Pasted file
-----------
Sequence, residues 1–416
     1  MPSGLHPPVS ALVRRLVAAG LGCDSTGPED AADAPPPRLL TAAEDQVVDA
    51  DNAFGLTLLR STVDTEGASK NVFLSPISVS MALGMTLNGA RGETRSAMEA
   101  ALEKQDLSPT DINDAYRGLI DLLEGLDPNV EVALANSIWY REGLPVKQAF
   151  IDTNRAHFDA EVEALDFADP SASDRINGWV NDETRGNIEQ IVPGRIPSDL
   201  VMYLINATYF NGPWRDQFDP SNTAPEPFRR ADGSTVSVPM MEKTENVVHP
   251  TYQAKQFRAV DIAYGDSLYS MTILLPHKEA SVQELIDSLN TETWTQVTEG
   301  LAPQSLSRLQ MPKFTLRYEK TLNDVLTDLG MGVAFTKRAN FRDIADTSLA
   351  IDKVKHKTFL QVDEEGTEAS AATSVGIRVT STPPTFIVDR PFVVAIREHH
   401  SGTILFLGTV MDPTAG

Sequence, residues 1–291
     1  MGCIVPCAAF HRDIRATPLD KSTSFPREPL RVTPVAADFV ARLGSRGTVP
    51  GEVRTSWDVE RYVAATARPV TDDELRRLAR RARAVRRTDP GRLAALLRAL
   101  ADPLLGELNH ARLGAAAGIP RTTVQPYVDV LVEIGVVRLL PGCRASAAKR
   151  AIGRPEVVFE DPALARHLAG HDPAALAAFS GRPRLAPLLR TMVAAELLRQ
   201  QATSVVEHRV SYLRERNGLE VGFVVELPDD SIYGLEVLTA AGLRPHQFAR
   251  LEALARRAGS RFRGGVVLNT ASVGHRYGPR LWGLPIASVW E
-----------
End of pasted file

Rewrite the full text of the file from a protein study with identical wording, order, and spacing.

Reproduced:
Sequence, residues 1–416
     1  MPSGLHPPVS ALVRRLVAAG LGCDSTGPED AADAPPPRLL TAAEDQVVDA
    51  DNAFGLTLLR STVDTEGASK NVFLSPISVS MALGMTLNGA RGETRSAMEA
   101  ALEKQDLSPT DINDAYRGLI DLLEGLDPNV EVALANSIWY REGLPVKQAF
   151  IDTNRAHFDA EVEALDFADP SASDRINGWV NDETRGNIEQ IVPGRIPSDL
   201  VMYLINATYF NGPWRDQFDP SNTAPEPFRR ADGSTVSVPM MEKTENVVHP
   251  TYQAKQFRAV DIAYGDSLYS MTILLPHKEA SVQELIDSLN TETWTQVTEG
   301  LAPQSLSRLQ MPKFTLRYEK TLNDVLTDLG MGVAFTKRAN FRDIADTSLA
   351  IDKVKHKTFL QVDEEGTEAS AATSVGIRVT STPPTFIVDR PFVVAIREHH
   401  SGTILFLGTV MDPTAG

Sequence, residues 1–291
     1  MGCIVPCAAF HRDIRATPLD KSTSFPREPL RVTPVAADFV ARLGSRGTVP
    51  GEVRTSWDVE RYVAATARPV TDDELRRLAR RARAVRRTDP GRLAALLRAL
   101  ADPLLGELNH ARLGAAAGIP RTTVQPYVDV LVEIGVVRLL PGCRASAAKR
   151  AIGRPEVVFE DPALARHLAG HDPAALAAFS GRPRLAPLLR TMVAAELLRQ
   201  QATSVVEHRV SYLRERNGLE VGFVVELPDD SIYGLEVLTA AGLRPHQFAR
   251  LEALARRAGS RFRGGVVLNT ASVGHRYGPR LWGLPIASVW E